HERE IS AN ODD LITTLE problem in military tactics which can be worked out advantageously upon an ordinary checker-board of sixty-four squares, the puzzle being to place sixteen checkers upon the board so that there shall not be more than two in a line in any possible direction. In the puzzle given, however, it is stipulated that we begin by placing two officers upon the spots as near as possible to the center of the field. This makes the puzzle less difficult, as we have two of the men placed properly to begin with, and the problem is then merely to post, the other men so that there shall be no three in a line. In other words, after the sixteen figures are posted correctly a cannon ball coming from any possible direction could not hit more than two men. It is a pretty and interesting puzzle, somewhat akin to famous problem of placing eight queens upon a chessboard so that none can he taken by another. It yields readily to a system of exhaustive analysis which may be introduced upon a simple plan, but will try the patience of such as attempt to master it by haphazard experimental methods. The theory of analysis by exhaustive trial, enters largely into puzzle practice in the construction as well as guessing of problems and pertains to an invaluable training of the mind. First place the officers in the center of the board, and then devise a method of exhaustive analysis which will ring every possible change of the placing of the fourteen men so that the same trial positions never recur a second time.
To that odd little lesson in military tactics wherein it was required to place sixteen checkers upon a board of sixty-four squares so that no three should be in line from any possible direction, the accompanying diagram shows the correct answer. The stipulation of beginning by first placing two men in the center of the board bars out many answers which would otherwise be quite as correct as the one here shown:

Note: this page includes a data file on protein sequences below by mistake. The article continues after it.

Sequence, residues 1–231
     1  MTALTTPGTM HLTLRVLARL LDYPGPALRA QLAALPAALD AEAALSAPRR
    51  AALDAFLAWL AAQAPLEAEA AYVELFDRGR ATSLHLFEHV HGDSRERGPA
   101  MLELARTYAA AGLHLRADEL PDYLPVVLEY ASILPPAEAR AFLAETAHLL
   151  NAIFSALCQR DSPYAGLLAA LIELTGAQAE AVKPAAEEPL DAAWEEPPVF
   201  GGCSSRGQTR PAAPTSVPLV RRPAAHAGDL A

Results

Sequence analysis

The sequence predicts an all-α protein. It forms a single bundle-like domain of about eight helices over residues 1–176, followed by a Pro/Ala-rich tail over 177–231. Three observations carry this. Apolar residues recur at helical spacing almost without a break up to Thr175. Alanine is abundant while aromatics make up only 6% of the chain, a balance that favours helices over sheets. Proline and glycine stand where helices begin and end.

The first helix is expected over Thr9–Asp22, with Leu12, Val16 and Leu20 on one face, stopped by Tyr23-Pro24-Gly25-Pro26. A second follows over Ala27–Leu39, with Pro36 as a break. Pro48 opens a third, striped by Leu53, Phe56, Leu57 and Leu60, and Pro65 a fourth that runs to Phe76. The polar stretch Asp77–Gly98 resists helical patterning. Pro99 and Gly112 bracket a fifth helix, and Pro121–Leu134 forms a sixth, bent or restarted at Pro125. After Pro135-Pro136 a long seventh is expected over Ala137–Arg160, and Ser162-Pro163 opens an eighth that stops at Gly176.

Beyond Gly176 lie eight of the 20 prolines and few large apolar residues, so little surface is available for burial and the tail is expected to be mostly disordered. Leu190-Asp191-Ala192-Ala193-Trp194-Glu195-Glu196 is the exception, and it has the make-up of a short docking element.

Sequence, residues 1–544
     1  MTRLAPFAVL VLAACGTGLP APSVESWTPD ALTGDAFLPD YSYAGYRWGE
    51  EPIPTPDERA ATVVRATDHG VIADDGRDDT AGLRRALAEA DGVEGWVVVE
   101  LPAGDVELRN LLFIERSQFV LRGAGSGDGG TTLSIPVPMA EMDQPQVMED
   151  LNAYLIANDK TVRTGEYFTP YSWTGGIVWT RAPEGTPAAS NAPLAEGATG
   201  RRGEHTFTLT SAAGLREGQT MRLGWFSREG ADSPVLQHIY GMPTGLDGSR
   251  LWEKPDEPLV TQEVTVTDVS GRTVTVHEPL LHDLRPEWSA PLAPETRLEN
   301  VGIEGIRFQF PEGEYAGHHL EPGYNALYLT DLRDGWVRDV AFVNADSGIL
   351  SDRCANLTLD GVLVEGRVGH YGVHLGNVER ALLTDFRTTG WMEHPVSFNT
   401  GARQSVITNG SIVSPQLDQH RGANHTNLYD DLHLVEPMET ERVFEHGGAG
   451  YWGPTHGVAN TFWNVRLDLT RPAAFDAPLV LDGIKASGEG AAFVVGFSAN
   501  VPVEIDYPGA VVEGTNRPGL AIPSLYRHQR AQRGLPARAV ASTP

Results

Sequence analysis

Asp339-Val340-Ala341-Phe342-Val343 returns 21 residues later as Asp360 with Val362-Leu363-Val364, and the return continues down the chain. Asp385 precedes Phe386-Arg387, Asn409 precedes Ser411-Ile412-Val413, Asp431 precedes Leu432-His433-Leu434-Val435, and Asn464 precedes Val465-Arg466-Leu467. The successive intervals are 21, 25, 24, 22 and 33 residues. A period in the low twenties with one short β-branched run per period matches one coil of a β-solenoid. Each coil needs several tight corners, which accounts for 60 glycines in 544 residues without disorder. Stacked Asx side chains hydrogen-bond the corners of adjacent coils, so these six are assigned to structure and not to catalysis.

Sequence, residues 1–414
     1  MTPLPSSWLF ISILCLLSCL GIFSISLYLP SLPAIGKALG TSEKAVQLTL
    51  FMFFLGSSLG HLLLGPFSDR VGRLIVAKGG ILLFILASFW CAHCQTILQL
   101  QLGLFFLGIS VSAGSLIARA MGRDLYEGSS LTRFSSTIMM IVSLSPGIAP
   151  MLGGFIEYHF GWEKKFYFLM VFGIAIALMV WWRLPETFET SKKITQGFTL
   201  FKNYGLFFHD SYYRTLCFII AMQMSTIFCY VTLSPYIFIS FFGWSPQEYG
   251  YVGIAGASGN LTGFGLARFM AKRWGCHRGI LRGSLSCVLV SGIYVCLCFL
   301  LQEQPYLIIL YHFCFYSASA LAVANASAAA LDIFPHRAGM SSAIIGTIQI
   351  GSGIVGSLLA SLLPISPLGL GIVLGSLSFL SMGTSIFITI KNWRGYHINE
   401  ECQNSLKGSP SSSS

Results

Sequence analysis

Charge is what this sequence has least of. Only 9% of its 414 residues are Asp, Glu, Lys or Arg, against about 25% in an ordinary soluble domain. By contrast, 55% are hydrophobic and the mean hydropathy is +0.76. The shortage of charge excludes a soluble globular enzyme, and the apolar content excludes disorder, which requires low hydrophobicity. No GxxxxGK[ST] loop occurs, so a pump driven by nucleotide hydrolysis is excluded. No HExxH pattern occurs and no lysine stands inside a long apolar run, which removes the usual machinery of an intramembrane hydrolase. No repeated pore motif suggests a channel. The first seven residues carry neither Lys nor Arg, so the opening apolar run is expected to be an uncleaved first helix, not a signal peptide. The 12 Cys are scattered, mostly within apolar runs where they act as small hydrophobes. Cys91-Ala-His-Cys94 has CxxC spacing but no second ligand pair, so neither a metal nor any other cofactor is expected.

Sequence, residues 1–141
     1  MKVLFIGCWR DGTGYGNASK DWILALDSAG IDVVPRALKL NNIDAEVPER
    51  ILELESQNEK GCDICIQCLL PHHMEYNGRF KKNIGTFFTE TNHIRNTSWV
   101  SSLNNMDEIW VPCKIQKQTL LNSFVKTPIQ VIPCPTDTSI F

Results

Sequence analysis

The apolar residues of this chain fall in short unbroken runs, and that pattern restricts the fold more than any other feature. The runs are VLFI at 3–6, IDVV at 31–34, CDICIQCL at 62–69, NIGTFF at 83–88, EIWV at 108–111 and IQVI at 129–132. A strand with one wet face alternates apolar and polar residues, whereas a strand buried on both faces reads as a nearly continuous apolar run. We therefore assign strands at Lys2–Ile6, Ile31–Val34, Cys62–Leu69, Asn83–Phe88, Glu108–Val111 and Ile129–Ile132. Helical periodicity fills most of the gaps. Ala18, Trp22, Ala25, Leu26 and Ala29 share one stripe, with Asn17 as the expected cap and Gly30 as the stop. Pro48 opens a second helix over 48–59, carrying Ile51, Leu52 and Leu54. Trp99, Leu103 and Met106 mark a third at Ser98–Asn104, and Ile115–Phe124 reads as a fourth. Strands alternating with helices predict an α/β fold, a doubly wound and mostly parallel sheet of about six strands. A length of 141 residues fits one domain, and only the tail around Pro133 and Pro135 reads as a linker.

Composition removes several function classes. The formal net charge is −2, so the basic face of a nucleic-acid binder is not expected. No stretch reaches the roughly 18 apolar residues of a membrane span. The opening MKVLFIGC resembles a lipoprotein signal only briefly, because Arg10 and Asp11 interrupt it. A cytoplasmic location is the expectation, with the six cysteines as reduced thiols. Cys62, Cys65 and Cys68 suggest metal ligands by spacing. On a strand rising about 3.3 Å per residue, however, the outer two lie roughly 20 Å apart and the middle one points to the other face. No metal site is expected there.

Why does a minister always say “dearly beloved brethren” and not refer to the sisters? Because the brethren embrace the sisters.
In what liquid does the Queen of England take her medicine? In cider (side her).
Why is a restless man in bed like a lawyer? Because he lies on one side, then turns around and lies on the other.
Why do tailors make very ardent lovers? Because they press their suits.
What is the difference between a rejected and an accepted lover? One misses the kisses and the other kisses the misses.
Why is a lover like a knocker? Because he is bound to adore (a door).
In what colored ink should we write our secrets? In violet (inviolate).
Why is a young lady like an arrow? Because she can't go off without a bow (beau), and is in a quiver till she gets one.
If a young lady fell into a well why couldn't her brother help her out? Because, how could he be a brother and assist her (a sister) too?
Why does a Russian soldier wear brass buttons on his coat, and an Austrian soldier wear steel ones? To keep his coat buttoned.
What is the difference between an old penny and a new dime? Nine cents.
What is the best way to make a coat last? To make the trousers and vest, first.
What word of four syllables would a man utter if he should eat his wife and wanted to express his approbation of the deed? Gladiator (glad I ate her).